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dc.contributor.authorD'Souza, Wendyl Jude
dc.date.accessioned2010-06-24T22:59:51Z
dc.date.availableNO_RESTRICTIONen_US
dc.date.available2010-06-24T22:59:51Z
dc.date.issued2008
dc.identifier.urihttp://hdl.handle.net/10179/1393
dc.description.abstractBackground Better understanding of the demographic distribution of epilepsy and the prevalence of 'more specific forms of epilepsy' in community-based settings would improve our understanding of this disorder at the population level . Although we now have good estimates of epilepsy prevalence for most countries, we still lack knowledge on its demographic distribution by age, ethnicity, region, and socioeconomic status. In addition, no studies to date have reported the prevalence of epilepsy syndromes using patient interview outside a hospital setting. This thesis provides the first community-based estimates of the prevalence of the most common clinical group of epilepsies presumed to have a genetic basis - The Idiopathic Generalised Epilepsies (IGE) - by patient and witness interview. Methods This thesis has involved conducting five pieces of new research: (i) a series of reviews and analyses of descriptive data on epilepsy prevalence, particularly focusing on the critical methodological issues of ascertainment, diagnosis and classification of epilepsy for epidemiological purposes; (ii) the validation of a modified diagnostic epilepsy questionnaire adapted for administration in population studies; (iii) recruitment of a community-based cohort - The Tasmanian Epilepsy Register (TER) - through the Australian national prescription database; (iv) estimation of the overall prevalence and distribution of self-reported treated epilepsy in Tasmania by imputation methods; (v) estimation of the prevalence and distribution of IGE in Tasmania by telephone interviewing. Results My modified diagnostic questionnaire, administered by telephone interviewing and interpreted with standardized guidelines, demonstrated excellent agreement with an epilepsy specialist's clinical assessment in diagnosing the presence of epilepsy (K = 0.94), seizure-onset types (K = 0.84), simple or complex partial seizures (K=0. 87), any generalized non-convulsive seizure (K=0.82), and IGE (K = 0.82). A lthough stil l substantial, agreement was not as close for secondarily general ized seizures (K = 0.74), and generalized tonic-clonic seizures (K = 0.79). 7541 patients treated with antiepileptic drugs (AEDs) in the preceding year in Tasman ia were eligible for recruitment through the Australian national prescription database. After three mail contacts, 54.0% responded, with 43.6% who indicated treatment for epilepsy representing 86.0% of total possible epilepsy cases by imputation (n=2063) in Tasmania. 1180 agreed to participate in the TER, 90.0% of participants received their AEDs either exclusively from their general practitioner (70.9%) or in combination with a medical specialist (19.1%) in the preceding twelve months. The adjusted treated epilepsy prevalence was 4.36 per 1000 (95% CI 4.34, 4.39); this was: lower in women (prevalence ratio 0.92 (95% CI 0.84, 1.00); greater with increasing age (p< 0.001 ); similar in the three main geographical regions; and similar by categories of socioeconomic status based on postcode of residence. Following enrolment, 959/1083 (88.6%) eligible TER participants completed the diagnostic telephone interviewing, with partial epilepsy classified in two thirds, and generalised epilepsy in slightly more than one-fifth. IGE was observed in 20.3%, with tonic-clonic seizures (17.03%) and the absence epilepsies combined (11.01 %) being the most common IGE seizure types and syndromes respectively. The estimated prevalence of IGE was 0.89 per 1000; is highest between the ages of 20-39 years and in females, but was similar between Tasmanian regions and socio-economic groups. IGE prevalence beyond childhood related to refractory childhood or adolescent disease rather than olderonset cases, and was characterised by the presence of myoclonic and tonic-clonic seizures. Generalised seizures, but not IGE, were less prevalent in southern Tasmania. Conclusions Utilising the design approach described in this thesis may provide an alternative to neurological assessment, and when coupled with case ascertainment through prescription data, can provide a valid estimate of the prevalence of 'more specific forms of epilepsy' in countries with high access to health services. The observed pattern of high elderly epilepsy prevalence, is similar to patterns in recent studies in other developed countries, and has important implications for future planning of health services in these countries. IGE represents a considerable proportion of community-treated disease with important aetiological and prognostic determinants occurring at the seizure rather than syndrome level of classification.en_US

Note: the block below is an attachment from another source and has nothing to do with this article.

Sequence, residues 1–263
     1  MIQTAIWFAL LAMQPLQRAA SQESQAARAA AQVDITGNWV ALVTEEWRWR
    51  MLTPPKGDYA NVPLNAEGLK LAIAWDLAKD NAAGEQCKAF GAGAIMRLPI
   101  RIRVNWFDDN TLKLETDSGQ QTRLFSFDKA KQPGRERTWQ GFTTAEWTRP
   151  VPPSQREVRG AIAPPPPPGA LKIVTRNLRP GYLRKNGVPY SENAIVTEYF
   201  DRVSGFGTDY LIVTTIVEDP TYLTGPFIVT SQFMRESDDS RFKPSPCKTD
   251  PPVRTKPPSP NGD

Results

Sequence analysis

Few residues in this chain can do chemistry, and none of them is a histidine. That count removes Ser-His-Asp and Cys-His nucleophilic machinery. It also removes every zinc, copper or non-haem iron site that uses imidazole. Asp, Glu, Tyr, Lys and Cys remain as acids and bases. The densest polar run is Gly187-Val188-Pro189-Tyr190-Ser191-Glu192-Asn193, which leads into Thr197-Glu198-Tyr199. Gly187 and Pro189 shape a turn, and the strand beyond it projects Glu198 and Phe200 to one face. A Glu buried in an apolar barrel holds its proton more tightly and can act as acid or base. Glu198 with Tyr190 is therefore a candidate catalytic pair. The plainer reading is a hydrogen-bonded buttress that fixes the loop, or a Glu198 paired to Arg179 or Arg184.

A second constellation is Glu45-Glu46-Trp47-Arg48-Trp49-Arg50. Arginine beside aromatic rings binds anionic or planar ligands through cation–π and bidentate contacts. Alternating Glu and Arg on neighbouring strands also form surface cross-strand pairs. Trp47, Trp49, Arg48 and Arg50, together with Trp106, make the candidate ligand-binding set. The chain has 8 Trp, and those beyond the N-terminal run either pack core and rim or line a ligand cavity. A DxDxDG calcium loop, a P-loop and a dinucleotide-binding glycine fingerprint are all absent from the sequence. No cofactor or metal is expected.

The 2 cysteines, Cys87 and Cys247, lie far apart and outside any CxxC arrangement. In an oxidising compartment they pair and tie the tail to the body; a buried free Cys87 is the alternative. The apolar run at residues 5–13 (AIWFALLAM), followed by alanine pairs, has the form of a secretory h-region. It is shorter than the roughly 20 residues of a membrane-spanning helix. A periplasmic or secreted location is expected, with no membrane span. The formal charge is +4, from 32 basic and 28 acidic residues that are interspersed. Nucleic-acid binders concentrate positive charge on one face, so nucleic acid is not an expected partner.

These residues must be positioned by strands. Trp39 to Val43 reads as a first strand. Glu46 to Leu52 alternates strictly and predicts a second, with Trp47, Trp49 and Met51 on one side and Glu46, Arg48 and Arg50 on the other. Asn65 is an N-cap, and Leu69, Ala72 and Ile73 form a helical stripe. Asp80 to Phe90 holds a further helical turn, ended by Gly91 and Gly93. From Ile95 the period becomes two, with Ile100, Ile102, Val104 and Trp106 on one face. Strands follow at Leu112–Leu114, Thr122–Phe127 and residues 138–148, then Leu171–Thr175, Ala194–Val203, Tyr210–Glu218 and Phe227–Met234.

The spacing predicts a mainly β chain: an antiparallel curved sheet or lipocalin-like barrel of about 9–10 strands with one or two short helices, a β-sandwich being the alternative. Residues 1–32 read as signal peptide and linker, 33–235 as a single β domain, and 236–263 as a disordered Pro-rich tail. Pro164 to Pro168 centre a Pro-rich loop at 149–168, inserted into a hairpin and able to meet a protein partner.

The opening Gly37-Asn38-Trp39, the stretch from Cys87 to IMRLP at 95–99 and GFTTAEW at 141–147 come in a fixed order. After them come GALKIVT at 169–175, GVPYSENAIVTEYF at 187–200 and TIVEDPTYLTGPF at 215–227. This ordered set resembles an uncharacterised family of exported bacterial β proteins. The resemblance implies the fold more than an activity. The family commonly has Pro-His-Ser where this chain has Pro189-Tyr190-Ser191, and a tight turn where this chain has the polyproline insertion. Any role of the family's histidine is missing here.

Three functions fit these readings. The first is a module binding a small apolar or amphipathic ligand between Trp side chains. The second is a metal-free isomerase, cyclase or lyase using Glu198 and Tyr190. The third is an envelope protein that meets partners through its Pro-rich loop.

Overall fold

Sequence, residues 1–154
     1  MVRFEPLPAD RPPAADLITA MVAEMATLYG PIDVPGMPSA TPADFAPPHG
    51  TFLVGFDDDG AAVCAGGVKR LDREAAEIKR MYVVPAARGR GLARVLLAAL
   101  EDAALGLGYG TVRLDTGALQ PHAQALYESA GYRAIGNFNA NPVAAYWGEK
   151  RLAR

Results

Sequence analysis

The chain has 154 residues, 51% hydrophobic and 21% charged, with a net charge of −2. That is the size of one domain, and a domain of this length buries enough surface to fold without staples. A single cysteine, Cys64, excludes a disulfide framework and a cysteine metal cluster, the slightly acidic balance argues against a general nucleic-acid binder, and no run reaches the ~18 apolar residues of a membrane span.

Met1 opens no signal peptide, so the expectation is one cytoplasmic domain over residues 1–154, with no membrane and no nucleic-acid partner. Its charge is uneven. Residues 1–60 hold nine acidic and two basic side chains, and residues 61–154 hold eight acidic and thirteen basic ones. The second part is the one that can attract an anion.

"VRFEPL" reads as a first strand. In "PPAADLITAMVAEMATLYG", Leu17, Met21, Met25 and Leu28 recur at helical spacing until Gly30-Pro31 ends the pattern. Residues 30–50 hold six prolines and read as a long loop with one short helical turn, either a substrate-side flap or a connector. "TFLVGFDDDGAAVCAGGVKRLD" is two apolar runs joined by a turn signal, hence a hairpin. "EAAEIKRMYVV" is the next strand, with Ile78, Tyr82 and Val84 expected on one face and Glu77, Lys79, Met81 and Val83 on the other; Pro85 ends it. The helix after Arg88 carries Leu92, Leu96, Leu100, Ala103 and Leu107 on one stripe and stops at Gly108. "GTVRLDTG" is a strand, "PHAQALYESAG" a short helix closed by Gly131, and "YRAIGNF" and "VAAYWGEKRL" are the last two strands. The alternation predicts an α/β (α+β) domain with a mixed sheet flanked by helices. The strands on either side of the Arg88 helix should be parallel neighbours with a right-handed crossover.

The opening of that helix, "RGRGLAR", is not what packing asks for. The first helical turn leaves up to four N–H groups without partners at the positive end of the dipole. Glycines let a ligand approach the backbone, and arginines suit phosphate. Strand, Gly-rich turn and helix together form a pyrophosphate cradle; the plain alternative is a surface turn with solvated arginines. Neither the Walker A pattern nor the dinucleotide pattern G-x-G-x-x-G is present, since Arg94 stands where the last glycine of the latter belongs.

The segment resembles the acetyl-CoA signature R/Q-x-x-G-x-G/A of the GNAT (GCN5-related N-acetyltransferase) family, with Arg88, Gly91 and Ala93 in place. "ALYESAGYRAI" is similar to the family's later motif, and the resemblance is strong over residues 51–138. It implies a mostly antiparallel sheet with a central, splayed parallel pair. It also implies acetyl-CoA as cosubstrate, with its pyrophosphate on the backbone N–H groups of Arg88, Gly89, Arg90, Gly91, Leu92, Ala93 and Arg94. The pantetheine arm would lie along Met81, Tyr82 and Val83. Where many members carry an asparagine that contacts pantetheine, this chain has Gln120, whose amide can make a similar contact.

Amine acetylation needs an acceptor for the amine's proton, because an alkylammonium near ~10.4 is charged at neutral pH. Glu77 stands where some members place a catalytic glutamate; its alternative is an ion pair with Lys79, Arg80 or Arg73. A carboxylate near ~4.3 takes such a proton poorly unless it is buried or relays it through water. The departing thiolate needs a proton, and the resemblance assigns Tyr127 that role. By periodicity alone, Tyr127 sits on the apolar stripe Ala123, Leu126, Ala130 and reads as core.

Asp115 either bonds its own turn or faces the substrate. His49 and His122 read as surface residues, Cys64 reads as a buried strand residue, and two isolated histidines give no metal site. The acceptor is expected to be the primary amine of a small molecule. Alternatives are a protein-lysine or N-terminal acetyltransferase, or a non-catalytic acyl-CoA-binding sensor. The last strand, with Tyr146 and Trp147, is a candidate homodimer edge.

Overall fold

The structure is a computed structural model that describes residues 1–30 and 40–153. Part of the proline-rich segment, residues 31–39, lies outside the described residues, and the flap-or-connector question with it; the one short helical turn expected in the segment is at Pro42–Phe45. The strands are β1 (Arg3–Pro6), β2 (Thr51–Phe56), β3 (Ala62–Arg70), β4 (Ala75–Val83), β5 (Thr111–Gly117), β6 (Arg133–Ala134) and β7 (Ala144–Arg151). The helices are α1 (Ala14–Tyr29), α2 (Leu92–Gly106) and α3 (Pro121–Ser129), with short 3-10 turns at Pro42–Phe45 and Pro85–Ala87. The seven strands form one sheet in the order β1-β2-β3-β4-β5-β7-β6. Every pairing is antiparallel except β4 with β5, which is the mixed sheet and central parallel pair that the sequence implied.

dc.language.isoenen_US
dc.publisherMassey Universityen_US
dc.rightsThe Authoren_US
dc.subjectEpilepsyen_US
dc.subjectPatient interviewsen_US
dc.subject.otherFields of Research::320000 Medical and Health Sciences::321200 Public Health and Health Services::321202 Epidemiologyen_US
dc.titleEpidemiology of epilepsy in Tasmania : a thesis presented in partial fulfilment of the requirements for the degree of Doctor of Philosophy in Epidemiology at Massey University, Wellington, New Zealanden_US
dc.typeThesisen_US
thesis.degree.disciplineEpidemiologyen_US
thesis.degree.grantorMassey Universityen_US
thesis.degree.levelDoctoralen_US
thesis.degree.levelDoctoralen
thesis.degree.nameDoctor of Philosophy (Ph.D.)en_US


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